Virginian Delegate’s Speech ‘Reflects’ That Republicans Are ‘Learning Courage’

Barack Obama broke most Republican politicians, and it wasn’t because of anything he did. That appears to be changing, maybe because Democrat policies have been so terrible that labeling opponents racist is no longer appropriate. On the other hand, politicians refuse to be quiet, and Nick Freitas, a Republican member of the Virginia House of Delegates, is a prime example.

Freitas says he will no longer tolerate being labeled a racist merely because he opposes Democratic policy. If you’re not a Kardashian, a video of his remark has been seen over 553,000 times, which is rather impressive. When you’re on the Democratic side of the aisle, though, things are entirely different.

Moreover, almost every day, someone on the opposite side of the aisle implies, either gently or directly, that if they don’t agree with them on policy, they aren’t a Christian. Don Scott, a Democrat, presented an excellent illustration of that type of personal assault over policy opinions right before Freitas stepped up. “They don’t get to lecture them on compassion, tolerance, or an open discussion if they’re going to question the faith or motives of anyone who happens to disagree with their policy,” Freitas said.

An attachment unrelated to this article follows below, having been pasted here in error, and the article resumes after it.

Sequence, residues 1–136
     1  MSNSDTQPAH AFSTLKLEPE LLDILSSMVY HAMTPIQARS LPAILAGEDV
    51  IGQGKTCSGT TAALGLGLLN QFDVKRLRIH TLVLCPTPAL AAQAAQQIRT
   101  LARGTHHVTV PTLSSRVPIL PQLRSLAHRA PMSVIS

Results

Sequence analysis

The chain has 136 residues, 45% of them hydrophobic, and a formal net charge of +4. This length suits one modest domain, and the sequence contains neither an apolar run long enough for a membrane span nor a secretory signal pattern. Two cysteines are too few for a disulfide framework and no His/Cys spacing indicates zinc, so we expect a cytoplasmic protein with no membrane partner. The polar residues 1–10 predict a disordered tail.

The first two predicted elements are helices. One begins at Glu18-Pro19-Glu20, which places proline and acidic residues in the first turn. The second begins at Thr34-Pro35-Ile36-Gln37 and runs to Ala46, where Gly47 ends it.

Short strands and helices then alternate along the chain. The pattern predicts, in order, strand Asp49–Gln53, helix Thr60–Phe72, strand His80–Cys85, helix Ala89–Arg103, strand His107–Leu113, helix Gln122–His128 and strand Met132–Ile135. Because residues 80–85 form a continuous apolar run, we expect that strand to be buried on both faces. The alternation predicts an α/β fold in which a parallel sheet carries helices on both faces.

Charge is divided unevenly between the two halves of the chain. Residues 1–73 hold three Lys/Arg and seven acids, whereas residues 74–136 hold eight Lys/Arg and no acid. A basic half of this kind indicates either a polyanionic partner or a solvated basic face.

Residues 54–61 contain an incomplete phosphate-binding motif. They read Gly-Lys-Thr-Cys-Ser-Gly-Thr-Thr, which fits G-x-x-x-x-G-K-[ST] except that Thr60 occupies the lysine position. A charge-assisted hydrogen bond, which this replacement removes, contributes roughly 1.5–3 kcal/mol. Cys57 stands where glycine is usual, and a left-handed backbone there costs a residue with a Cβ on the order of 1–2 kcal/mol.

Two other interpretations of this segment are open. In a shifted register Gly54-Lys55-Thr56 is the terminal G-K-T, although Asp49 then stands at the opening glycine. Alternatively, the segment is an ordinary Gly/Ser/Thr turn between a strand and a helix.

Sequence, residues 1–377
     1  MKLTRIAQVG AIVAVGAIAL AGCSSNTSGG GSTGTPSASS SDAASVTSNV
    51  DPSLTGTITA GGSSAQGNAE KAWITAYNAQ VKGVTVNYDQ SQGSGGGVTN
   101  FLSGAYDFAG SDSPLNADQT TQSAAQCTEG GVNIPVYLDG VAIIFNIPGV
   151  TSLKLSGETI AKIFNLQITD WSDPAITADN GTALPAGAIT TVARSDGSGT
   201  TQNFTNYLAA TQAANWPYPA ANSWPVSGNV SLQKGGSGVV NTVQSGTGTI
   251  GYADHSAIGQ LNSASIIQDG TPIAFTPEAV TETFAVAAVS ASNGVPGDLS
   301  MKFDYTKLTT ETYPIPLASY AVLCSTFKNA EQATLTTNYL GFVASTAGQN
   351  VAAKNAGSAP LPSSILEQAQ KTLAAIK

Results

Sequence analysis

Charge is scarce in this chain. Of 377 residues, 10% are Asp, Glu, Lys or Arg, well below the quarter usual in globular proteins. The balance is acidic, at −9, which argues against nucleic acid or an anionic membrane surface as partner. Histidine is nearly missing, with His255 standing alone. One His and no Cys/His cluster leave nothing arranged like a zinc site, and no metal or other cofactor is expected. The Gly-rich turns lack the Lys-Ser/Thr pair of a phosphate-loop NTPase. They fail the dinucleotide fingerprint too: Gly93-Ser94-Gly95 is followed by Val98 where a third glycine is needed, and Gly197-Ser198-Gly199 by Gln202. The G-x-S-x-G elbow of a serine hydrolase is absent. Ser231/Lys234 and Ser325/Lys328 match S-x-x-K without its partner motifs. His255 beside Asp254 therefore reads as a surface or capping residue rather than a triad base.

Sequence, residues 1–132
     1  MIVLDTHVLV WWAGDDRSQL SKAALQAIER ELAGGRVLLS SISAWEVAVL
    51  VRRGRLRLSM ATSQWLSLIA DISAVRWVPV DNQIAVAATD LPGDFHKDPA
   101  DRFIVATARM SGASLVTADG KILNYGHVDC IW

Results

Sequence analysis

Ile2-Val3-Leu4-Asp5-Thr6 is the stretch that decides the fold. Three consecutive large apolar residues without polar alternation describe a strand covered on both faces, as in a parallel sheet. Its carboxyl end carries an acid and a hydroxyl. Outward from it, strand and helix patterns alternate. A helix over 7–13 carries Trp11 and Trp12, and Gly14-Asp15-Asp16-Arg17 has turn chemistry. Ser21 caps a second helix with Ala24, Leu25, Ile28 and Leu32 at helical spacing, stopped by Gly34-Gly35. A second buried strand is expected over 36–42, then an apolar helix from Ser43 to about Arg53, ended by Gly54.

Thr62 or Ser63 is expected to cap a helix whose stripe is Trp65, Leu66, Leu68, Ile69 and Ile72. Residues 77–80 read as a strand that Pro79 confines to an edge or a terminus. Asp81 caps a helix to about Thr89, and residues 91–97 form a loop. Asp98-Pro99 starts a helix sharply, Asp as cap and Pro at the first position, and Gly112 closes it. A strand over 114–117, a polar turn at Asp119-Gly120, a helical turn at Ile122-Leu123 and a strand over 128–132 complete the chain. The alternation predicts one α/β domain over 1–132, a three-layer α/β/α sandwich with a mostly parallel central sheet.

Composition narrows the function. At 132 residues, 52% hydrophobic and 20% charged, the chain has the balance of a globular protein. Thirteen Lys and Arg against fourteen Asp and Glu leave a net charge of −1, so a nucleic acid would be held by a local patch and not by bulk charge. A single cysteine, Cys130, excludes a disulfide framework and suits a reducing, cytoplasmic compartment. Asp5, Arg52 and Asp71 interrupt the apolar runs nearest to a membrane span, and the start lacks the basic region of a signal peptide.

According to Shelby Steele, since the 1960s, Democrats have realized that “The Personal is Political” and vice versa. The best method to attack policy is to make people doubt themselves. Activists rushed the president’s office at his Midwestern institution during the Civil Rights Movement and witnessed the guy fall in front of their eyes. He slumped not because he was terrified but because he felt involved in White injustice against Black people.

Since Obama’s election, White politicians have been acting as if they were the ones who barricaded the Mississippi courthouse door. They’ve too frequently crumbled as utterly as that long-ago Midwestern College President. It’s remarked with that remorse. It’s past time for Republican leaders to insist that their political arguments be conducted on the merits rather than allowing others to call them names.